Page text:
Pigging Out: What ‘Radically Unkosher’ Jewish Foodies Like Michael Pollan Are Missing

When celebrity chef Dan Barber and author Michael Pollan, both Jewish, appeared together at the 92nd Street Y in Manhattan in January, 2008 they each gleefully opened their remarks before the heavily Jewish audience with a personal pig story. Food writer Sara Kate Gillingham-Ryan even described the event as including “many a joke about Jewish boys liking artisanal pork.”

Indeed. Pollan devotes an entire chapter of his most recent project, Cooked: A Natural History of Transformation (Penguin Press HC, 2013)—more than a quarter of the book—to whole hog barbecue, reveling in details about learning from the pit masters of North Carolina, perfecting the technique of crackling (making crispy pig skin), and inaugurating his own, now-annual, pig roast tradition in the front-yard fire pit.

Pollan is hardly the only Jewish foodie with a pig fetish, though he’s certainly the most well known. Last year amateur chef Wesley Klein founded Baconery, an Upper West Side bakery featuring—what else?—bacon in every product, including sandwiches named after popular pig characters like Miss Piggy, Wilbur, Porky Pig, and Babe. And it was from food and fly-fishing writer Peter Kaminsky, author of Pig Perfect, that renowned North Carolina barbecue pitmaster Ed Mitchell (with whom Pollan “apprenticed”) learned about the traditional pig breeds nearly eliminated by commercial industrialization. (In his loving, obsessive rhapsody to things porcine Kaminsky called himself a “ham idolater” and owned his agent’s description of him as a “professional hamthropologist.”)

Then there’s Ari Stern, owner of Culturefix, a bar and gallery on the Lower East Side, whose trendy monthly supper club held an event called “Passover for Goyim, A Very Traif Seder Plate.”

The traditional ritual centerpiece at this event—the seder plate whose five (or six) foods recall the divine delivery of the Israelites from Egypt—boasted all-treyf foods, including, of course, several varieties of pig meat. Advertising for the event featured a cartoon of a yarmulke-wearing pig stamped with a large six-pointed star and, toward the rump, the kosher certification symbol of the Orthodox Union, “OU.” The image is eerily reminiscent of European anti-Jewish propaganda used, ironically, to represent alleged Jewish hypocrisy.

Jews and Pigs

It’s widely known that the pig is the most taboo food in Jewish culture; such is its abhorrence that even many non-religious Jews avoid it. Ancient Rabbinic law highlighted the pig’s singularity by prohibiting Jews from deriving any benefit at all from it—including raising or selling it, or using any part of its body for any purpose.

Though largely couched in lofty or insouciant foodie rhetoric, eating and enjoying this forbidden food is clearly a turn-on for some Jews; transgression just sweetens the meat. Kaminsky documents the moment he “became conscious of my soul-to-soul pork connection,” while Pollan muses that “There is something life-altering about pork crackling.”

How things change. In medieval Iberian cultures, under the shadow of the Inquisitions, to refuse to eat pig would mark one as a Jew. Since many thousands had been forcibly converted, serving pig was an easy way to check their loyalty as freshly-minted Christians. Dire consequences usually hounded conversos who refused, leading many to eat pig simply to save their skin; the choice to eat pig might literally be a matter of life and death.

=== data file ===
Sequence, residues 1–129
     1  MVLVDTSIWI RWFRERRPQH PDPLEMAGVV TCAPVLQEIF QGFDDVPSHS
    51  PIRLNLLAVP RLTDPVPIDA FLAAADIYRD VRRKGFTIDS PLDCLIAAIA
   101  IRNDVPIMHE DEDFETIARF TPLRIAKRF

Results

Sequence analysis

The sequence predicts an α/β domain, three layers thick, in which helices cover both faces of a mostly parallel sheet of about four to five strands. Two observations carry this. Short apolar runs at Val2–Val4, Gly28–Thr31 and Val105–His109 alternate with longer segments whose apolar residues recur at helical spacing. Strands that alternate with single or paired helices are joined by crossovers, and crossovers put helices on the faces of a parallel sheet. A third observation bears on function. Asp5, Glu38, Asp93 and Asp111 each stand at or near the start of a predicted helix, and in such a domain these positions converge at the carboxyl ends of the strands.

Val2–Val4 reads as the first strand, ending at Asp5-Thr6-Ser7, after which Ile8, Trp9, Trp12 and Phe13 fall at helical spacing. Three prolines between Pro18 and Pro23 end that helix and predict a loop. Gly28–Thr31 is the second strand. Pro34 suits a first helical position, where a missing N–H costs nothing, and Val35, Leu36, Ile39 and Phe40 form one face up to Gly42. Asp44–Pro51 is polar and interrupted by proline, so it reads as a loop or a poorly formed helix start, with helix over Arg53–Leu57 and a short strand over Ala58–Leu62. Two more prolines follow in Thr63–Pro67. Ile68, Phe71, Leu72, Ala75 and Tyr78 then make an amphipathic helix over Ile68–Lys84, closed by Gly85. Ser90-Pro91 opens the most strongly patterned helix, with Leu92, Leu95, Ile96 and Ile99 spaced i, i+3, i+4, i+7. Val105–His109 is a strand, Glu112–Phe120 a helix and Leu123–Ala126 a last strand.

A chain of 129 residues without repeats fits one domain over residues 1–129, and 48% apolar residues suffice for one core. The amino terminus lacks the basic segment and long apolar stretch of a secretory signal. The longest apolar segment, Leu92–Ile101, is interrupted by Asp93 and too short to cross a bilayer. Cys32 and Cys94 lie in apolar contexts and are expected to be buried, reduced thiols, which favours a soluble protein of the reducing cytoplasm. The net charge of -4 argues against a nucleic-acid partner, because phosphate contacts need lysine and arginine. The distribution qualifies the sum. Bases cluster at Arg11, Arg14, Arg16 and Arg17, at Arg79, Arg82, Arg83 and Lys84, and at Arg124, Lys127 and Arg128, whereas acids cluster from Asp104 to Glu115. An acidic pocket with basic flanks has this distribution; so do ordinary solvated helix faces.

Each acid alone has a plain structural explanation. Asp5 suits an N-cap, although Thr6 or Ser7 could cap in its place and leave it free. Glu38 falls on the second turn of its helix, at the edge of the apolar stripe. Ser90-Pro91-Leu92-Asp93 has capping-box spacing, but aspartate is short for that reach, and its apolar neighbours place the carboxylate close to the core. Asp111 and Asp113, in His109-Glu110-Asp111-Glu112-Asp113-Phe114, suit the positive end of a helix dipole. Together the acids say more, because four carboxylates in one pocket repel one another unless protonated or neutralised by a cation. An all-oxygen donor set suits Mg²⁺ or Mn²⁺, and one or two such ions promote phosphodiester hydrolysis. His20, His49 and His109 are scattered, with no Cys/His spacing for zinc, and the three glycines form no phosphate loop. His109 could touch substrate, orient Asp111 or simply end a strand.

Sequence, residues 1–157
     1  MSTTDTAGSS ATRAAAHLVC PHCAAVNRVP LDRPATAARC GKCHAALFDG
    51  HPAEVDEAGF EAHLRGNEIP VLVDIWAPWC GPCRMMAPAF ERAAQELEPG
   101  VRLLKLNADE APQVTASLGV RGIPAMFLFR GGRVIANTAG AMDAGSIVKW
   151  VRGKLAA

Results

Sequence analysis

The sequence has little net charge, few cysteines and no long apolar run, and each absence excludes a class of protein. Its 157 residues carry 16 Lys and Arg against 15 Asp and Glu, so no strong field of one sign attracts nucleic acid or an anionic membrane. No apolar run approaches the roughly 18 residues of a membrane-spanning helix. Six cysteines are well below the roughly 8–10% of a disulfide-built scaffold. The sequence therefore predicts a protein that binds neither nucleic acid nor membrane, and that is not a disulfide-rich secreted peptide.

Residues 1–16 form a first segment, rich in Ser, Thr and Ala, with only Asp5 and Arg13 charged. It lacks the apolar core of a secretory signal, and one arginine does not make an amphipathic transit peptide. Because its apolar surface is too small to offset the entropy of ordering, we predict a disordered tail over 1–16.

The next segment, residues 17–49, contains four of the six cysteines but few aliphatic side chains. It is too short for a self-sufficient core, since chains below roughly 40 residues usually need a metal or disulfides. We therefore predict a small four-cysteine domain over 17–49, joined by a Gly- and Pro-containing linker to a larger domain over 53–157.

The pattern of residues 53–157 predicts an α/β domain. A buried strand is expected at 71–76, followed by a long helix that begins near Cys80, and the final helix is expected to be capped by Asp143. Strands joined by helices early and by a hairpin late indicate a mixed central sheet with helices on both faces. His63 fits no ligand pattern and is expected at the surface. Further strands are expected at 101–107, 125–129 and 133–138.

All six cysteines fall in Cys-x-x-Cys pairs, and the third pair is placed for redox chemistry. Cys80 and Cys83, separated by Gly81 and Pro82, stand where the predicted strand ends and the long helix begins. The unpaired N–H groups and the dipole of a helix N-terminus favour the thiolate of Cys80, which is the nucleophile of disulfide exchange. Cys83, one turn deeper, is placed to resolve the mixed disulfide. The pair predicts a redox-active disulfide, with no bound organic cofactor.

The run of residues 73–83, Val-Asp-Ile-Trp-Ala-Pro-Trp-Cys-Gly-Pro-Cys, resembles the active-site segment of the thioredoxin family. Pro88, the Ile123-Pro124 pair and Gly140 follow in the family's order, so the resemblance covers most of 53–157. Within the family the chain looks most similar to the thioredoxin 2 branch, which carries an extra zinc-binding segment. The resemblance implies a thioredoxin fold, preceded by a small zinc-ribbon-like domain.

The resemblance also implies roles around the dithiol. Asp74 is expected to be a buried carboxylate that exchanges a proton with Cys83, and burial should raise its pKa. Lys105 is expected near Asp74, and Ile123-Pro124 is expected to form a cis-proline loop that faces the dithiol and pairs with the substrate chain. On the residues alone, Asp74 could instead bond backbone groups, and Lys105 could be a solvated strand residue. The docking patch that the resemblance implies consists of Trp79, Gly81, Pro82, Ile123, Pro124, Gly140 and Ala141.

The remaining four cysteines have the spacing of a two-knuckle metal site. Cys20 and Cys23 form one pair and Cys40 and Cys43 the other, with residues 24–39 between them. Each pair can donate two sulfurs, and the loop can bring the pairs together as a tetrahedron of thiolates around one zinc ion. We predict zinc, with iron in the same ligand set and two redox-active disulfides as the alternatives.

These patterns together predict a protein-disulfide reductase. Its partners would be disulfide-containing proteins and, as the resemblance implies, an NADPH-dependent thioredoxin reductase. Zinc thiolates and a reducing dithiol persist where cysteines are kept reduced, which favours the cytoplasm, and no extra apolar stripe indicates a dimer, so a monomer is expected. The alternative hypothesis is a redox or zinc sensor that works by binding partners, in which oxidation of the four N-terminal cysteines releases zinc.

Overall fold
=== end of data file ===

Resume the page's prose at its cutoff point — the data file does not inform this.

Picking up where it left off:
The denigration and exclusion of those who refused to eat pig—Jews and Muslims—typified life in rural Europe, as outlined in The Singular Beast (Columbia U. Press, 1999), a powerful, disturbing, and at times gruesome, study by French anthropologist Claudine Fabre-Vassas. Body parts of the pig were given Jewish names; Jews were called pigs (conversos were called “porkchops”); pigs served as stand-ins for Jews in Easter processions; Judas in Passion plays would be sprinkled with pig blood; ritual holiday meals had suckling pigs stand in for Christ; and people held children before baptism to be piglets, devils or little Jews who grew “pig’s teeth” and “Jew hair.”

A Burgundian ditty summed it all up:

The more we enjoy the piglet / The better Catholics we become.

The pig as identity-marker continues more subtly to this day in places like urban France, where Jews and Muslims who don’t eat pig are often still seen as outsiders, as discussed by French political scientist Pierre Birnbaum in his latest book, La République et le Cochon (The Republic and the Pig). English Food writer Jane Grigson reiterates such othering when asserting that “It could be said that European civilization… [has] been founded on the pig. […] There has been prejudice against him, but those peoples… who have disliked the pig and insist he is unclean eating, are rationalizing their own descent and past history.”

Jewish foodies have turned this history on its head, advocating the glories and wonders of pig and its meat; how nothing is quite like it, not lamb, not goat, not goose, nothing. Of course, this love affair with pigmeat can easily be seen as merely the latest chapter of modern Jews thinking they are liberating themselves from the shackles of an irrational rabbinic tyranny based on outmoded laws. From another perspective, an observer might conclude that eating pig proves better than just about anything that one belongs to the dominant (Christian) majority, or that one has left Judaism (and the whole business of superstitious faith) behind. As Wesley Klein says, half-jokingly, “[my bacon obsession] only proves that Baconery welcomes customers of all faiths.” Call it porcine supersessionism.